The most beneficial dose of Zoloft, according to research, is 50 mg per day. (12) For the majority of patients, this dosage is the most effective and acceptable. If people do not respond to 50 mg per day, their doctor may recommend increasing their Zoloft dose by 50 mg per day at weekly intervals, up to a maximum of 200 mg per day. A doctor may advise taking 50 mg once a day for one week, then 100 mg once a day for another week.

Zoloft also comes as an oral solution in the form of liquid. The oral solution is a clear, colorless, menthol-scented solution containing 20 mg of sertraline per mL in a 12% alcohol solution. It comes in a 60 mL container with a calibrated dropper with graduation markers of 25 mg and 50 mg. Before using Zoloft oral solution, mix it with 4 ounces of water, orange juice, lemonade, ginger ale, or lemon or lime soda right before taking it.

It is crucial to talk to your doctor about the proper dose for you because the precise quantity of medication you will need depends on your particular situation, the severity of your symptoms, and whether or not you have any other health issues.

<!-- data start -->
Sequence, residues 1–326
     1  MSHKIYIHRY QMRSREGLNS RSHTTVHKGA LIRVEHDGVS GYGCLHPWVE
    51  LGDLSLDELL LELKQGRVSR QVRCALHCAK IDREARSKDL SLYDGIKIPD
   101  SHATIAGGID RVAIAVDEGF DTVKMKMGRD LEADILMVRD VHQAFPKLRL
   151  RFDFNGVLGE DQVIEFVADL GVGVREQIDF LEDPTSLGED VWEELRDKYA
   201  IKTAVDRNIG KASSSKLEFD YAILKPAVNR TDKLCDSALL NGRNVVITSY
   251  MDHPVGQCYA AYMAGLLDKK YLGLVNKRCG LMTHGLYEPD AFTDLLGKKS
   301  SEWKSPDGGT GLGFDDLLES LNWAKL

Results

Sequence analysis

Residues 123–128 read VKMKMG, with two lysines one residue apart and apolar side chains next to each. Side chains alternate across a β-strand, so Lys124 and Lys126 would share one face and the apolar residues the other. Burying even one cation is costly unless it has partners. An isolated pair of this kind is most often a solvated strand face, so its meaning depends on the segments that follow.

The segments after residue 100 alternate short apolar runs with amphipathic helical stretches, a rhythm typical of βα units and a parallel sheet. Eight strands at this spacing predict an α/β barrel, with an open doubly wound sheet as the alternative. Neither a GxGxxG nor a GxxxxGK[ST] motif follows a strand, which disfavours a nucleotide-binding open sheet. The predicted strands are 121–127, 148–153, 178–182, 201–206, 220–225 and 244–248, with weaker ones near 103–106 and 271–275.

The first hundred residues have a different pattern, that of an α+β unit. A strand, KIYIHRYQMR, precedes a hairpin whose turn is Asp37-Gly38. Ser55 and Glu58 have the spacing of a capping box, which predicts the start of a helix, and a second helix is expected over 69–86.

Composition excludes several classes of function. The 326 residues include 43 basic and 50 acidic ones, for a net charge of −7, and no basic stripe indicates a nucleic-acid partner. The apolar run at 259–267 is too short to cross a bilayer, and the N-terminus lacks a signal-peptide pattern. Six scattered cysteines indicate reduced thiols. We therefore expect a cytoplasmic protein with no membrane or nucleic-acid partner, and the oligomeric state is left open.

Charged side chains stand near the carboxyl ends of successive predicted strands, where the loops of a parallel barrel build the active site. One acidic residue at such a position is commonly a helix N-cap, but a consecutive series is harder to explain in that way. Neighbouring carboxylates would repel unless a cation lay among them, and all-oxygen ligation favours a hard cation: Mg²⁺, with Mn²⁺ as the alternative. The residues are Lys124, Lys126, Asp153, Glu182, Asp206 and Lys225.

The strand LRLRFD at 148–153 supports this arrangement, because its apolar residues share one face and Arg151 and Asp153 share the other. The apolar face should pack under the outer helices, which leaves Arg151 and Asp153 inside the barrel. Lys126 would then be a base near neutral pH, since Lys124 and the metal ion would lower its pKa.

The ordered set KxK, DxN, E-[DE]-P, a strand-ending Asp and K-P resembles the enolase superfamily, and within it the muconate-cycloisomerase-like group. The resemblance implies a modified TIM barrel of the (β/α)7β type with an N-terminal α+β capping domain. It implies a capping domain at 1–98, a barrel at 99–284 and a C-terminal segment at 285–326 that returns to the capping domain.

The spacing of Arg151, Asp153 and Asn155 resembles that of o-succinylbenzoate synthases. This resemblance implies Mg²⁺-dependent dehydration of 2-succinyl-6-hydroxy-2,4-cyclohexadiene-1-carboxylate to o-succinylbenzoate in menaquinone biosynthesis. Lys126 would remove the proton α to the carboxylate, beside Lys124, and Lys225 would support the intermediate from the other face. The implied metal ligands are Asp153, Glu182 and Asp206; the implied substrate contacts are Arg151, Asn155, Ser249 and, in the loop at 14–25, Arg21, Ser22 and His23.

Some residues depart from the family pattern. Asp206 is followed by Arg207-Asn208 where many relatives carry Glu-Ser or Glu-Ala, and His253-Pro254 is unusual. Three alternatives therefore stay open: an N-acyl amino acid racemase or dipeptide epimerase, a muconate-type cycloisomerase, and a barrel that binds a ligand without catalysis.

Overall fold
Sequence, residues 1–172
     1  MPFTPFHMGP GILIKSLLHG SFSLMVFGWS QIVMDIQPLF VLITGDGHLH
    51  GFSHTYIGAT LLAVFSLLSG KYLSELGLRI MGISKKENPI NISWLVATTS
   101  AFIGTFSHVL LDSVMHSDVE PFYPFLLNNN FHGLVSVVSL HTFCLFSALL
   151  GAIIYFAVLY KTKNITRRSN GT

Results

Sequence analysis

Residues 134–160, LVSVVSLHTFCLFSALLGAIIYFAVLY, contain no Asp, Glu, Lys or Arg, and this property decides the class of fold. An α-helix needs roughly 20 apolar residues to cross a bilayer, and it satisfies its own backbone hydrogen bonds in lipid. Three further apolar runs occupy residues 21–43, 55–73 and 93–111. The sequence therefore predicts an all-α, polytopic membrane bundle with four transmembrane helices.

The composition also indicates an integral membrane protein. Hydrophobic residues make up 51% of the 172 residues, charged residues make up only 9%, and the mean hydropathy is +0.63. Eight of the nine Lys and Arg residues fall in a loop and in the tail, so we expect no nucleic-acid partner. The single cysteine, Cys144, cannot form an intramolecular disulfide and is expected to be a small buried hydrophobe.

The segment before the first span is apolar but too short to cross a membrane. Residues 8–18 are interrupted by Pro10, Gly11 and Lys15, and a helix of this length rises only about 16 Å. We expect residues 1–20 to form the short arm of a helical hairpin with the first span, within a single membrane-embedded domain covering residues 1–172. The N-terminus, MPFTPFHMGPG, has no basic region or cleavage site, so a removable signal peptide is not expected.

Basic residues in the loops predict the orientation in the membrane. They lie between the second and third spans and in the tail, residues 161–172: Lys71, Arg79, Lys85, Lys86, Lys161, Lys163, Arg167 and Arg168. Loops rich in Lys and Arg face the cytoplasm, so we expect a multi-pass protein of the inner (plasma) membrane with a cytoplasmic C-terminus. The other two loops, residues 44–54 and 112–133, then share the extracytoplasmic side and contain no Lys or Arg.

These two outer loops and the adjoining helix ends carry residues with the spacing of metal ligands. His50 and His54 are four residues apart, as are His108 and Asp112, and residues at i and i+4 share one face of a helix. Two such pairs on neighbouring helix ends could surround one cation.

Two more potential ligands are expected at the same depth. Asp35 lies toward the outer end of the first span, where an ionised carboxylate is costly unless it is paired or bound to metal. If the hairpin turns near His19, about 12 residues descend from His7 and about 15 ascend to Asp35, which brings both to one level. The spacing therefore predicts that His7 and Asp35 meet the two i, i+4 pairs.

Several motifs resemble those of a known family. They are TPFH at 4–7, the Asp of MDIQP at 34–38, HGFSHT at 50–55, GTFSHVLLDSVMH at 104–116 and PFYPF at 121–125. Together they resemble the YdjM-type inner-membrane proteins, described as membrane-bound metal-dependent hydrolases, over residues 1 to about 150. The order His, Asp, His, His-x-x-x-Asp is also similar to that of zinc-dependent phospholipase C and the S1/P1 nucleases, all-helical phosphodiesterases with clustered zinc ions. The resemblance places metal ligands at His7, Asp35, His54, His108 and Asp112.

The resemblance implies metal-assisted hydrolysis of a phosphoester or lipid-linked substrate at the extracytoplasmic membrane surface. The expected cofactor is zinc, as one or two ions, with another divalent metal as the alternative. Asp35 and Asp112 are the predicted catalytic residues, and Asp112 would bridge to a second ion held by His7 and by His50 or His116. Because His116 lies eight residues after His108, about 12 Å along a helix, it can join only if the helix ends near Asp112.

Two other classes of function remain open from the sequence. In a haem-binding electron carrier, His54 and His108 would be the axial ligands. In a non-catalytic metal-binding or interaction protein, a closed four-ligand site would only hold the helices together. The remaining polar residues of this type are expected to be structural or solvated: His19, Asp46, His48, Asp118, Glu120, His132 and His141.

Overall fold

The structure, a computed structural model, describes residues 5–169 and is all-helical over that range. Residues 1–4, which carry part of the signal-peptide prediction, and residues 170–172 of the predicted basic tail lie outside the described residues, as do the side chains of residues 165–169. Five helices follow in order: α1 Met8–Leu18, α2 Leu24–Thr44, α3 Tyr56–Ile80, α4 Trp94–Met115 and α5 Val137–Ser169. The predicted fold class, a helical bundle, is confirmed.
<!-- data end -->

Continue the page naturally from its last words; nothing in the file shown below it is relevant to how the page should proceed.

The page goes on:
Missed Dose of Zoloft

You may inevitably miss a dosage of Zoloft at some time. It is critical to take your prescription exactly as your doctor prescribes, but missing a dosage is not the end of the world if you know how to manage it.

As soon as you recall, take your dosage. If the next dosage is approaching, do not take an additional dose to make up for the one you skipped. Simply continue with the following dose. If you stop taking your medicine suddenly, you may encounter negative effects and an increased chance of relapse. If you have been having symptoms as a result of missing a dosage, they should go away once you resume taking Zoloft regularly.

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How long does Zoloft take to work?

You should anticipate Zoloft to start functioning in two to six weeks once you start taking it in the recommended dosage as prescribed by your doctor. Considering Zoloft is not the kind of drug that starts working right away, you will need to be patient while you wait for it to start helping you with your symptoms.

Improvements in sleep, energy, and hunger are some of the first indicators that Zoloft is functioning. Improvements might occur within one to two weeks after starting the medicine. It may take six to eight weeks for more major effects to appear, such as feeling less depressed or recovering interest in daily life.

You may have a few adverse effects when you first start taking Zoloft. One of the most effective methods to avoid side effects is to take your medication precisely as your doctor prescribes. Your doctor will prescribe a specific amount for a reason, and increasing your Zoloft dosage only to get it to work faster is not a good idea.